3.) Data reliability. This is a significant issue with companies that present a catalogue that is not updated live. So a product may appear on a parts request and the distributor says it’s in stock, when in reality, it’s no longer on the shelf. In that case, it is not uncommon for the shop to receive something that is not exactly what they ordered. For example, there is a lot of confusion in the marketplace about aftermarket parts and certification programs, which is mainly due to a lack of education both on the shop and the parts supplier level. This can cause problems in terms of properly and effectively understanding, communicating and delivering the part that is actually needed. Receiving the wrong parts is a big deal and it can affect cycle time, KPIs, rental car days, etc.
4.) Transactions. How are the transactions being conducted? How do the parts search and other processes work? How are returns handled?
5.) Audits and feedback about the suppliers. Does the product allow for user feedback? Is there a periodic audit of suppliers and if so, what are the criteria for that audit?
6.) Integration. Does the system integrate into existing management systems? Can it return search data back to the estimating system? Is it CIECA-compliant?
7.) Payment. Who pays for the service?
What is the goal of the matrix? How will it be beneficial for shop owners?
We believe that by creating this matrix, it will allow them to choose an electronic parts procurement platform that is best suited for their particular operation or help them identify the types of questions they might want to ask as they shop for an e-procurement product.
Right now, electronic parts procurement is a much bigger topic. It’s far broader than this matrix, but there are already multiple players out there and we felt that development of a tool to understand the marketplace is very valuable.
When will the matrix be available?
The information will be available at the next CIC at SEMA this fall. After that, it will most likely reside on the CIC website and will be available for public use.
Why did the committee not include the insurance involvement and free market issue in the survey process?
As we indicated, the PartsTrader initiative has created a lot of emotion surrounding this issue for repairers. We chose to continue an unemotional discussion about electronic parts procurement. That doesn’t minimize the fact that there is huge concern among repairers about insurance-mandated programs, whether they are Customer Service Index, information providers or vendors. Repairers have a real concern about insurer involvement in the day-to-day business of running a shop.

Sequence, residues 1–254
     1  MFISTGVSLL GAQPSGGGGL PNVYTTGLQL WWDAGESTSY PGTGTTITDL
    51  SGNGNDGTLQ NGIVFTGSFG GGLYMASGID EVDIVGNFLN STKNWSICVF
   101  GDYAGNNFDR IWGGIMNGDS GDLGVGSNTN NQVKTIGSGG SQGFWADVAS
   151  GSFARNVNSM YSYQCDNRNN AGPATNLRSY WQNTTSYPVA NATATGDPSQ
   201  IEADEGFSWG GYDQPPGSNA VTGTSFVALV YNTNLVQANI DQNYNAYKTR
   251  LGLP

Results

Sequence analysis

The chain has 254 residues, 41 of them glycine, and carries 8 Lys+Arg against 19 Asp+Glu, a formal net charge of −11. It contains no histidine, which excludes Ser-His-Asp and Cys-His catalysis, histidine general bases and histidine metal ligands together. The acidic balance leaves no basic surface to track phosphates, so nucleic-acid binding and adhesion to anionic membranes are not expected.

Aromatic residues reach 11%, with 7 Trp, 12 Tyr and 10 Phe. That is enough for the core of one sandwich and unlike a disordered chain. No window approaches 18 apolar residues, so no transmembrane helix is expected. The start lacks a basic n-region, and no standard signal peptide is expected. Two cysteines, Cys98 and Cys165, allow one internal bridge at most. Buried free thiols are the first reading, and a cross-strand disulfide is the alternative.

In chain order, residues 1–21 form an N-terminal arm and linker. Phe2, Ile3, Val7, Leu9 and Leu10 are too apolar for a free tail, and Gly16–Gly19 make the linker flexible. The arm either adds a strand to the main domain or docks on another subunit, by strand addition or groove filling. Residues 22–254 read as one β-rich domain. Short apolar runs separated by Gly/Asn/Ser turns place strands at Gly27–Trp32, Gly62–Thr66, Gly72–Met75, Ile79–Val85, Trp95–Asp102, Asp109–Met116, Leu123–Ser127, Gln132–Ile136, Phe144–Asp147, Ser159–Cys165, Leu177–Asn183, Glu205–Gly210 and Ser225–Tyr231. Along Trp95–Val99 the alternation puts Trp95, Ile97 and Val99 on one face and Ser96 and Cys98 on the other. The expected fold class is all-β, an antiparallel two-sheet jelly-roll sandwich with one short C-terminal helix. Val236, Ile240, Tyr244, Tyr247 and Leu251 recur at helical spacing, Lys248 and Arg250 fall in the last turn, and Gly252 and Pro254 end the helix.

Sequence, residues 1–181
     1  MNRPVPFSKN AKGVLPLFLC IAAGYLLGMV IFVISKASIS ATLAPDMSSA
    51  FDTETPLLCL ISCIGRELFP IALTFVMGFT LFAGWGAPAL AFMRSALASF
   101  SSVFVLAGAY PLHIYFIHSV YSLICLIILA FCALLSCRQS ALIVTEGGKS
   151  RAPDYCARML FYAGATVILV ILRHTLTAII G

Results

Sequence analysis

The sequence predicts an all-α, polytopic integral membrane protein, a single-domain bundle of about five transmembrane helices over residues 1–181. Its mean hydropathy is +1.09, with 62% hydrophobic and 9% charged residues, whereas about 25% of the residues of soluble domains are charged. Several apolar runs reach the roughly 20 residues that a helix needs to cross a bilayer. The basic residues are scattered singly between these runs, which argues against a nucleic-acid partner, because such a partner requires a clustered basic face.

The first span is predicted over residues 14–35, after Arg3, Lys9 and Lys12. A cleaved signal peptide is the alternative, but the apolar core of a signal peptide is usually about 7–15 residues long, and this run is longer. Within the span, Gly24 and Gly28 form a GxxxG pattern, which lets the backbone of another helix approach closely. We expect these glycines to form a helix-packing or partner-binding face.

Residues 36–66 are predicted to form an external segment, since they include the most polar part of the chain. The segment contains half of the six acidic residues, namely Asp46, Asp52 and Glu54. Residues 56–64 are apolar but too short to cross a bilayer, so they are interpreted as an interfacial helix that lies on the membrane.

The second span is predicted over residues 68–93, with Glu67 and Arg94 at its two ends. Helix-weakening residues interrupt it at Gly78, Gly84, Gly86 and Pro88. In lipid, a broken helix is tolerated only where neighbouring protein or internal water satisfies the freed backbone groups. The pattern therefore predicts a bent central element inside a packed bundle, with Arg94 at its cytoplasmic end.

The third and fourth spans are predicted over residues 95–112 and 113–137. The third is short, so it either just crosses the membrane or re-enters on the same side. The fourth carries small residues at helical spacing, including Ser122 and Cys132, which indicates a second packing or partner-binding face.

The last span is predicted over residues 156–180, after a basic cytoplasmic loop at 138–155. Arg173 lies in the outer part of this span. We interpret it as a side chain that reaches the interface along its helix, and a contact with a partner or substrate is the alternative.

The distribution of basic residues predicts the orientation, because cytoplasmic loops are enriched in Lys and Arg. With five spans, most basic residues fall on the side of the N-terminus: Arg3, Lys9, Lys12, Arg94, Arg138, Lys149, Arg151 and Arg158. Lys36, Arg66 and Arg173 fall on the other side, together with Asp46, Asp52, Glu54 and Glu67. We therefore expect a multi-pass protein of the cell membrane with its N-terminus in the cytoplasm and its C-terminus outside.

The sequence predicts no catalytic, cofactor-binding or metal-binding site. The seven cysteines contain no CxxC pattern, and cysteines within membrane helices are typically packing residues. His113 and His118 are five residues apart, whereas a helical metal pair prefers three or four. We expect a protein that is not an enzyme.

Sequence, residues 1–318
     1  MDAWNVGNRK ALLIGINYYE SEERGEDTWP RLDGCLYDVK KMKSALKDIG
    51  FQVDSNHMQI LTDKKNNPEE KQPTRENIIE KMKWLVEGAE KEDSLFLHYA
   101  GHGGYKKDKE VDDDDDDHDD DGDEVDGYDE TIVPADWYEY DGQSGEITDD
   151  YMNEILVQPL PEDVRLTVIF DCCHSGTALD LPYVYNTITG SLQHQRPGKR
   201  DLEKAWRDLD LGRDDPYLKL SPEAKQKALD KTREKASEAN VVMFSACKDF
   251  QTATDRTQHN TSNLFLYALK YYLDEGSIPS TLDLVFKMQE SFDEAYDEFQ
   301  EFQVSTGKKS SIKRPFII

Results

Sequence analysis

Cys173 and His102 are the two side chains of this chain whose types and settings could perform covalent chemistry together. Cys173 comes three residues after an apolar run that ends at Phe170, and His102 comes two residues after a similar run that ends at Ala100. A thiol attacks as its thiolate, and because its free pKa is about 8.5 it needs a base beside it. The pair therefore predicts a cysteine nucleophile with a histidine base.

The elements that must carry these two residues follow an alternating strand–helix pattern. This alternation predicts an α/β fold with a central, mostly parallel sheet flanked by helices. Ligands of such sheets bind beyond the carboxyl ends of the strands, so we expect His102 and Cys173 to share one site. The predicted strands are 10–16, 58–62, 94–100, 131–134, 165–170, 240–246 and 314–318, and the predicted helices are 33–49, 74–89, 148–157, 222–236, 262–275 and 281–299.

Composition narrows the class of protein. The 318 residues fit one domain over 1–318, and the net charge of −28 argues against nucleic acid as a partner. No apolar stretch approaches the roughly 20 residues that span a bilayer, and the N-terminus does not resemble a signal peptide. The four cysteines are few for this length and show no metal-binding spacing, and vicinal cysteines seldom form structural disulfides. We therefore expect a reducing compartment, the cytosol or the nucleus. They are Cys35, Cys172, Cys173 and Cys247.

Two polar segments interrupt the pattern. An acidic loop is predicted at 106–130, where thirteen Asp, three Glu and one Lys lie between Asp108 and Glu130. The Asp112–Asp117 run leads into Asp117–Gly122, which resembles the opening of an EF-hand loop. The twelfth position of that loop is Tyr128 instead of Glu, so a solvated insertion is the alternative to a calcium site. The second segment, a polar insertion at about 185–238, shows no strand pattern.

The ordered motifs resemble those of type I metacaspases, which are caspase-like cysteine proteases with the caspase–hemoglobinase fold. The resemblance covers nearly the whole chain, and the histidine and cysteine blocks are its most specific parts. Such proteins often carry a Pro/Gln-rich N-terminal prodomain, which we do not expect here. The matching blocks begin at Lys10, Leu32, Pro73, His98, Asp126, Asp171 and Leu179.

Having said that, we decided we were not going to address that issue. We felt that, in addition to the very understandable emotional side of the issue, there is also a marketplace side that should not be ignored in the heat of the moment.
How do you see attitudes toward electronic parts procurement evolving?
Historically, it has taken a long time for shops to adapt to new technologies. For example, it was a challenge going from ordering parts using the telephone to ordering via the fax machine, or going from writing estimates by hand while referring to the estimating manual to electronic estimating based on information provided by the information providers. There are a lot of shops that would prefer not to use electronic parts ordering. They are concerned that using an electronic procurement product may result in them not being able to use their trusted vendors.
However, if you look at other industries and other products, there are proven efficiency gains when two parties have the appropriate system that allow them to more effectively communicate.
It is very clear that electronic parts procurement will become more and more pervasive. When you look at the introduction of electronic estimating systems into the industry, there was also a lot of emotional debate and pushback.
Electronic parts procurement is another evolutionary step in the industry. I don’t want to minimize the emotion or concern that shops have, but their emotion seems to go beyond the actual software tool, and focuses more on the way the tool can be mandated. We’re trying to shed light on the greater issue of the product and usage of the product. We want to give repairers the information and the knowledge to make more informed decisions.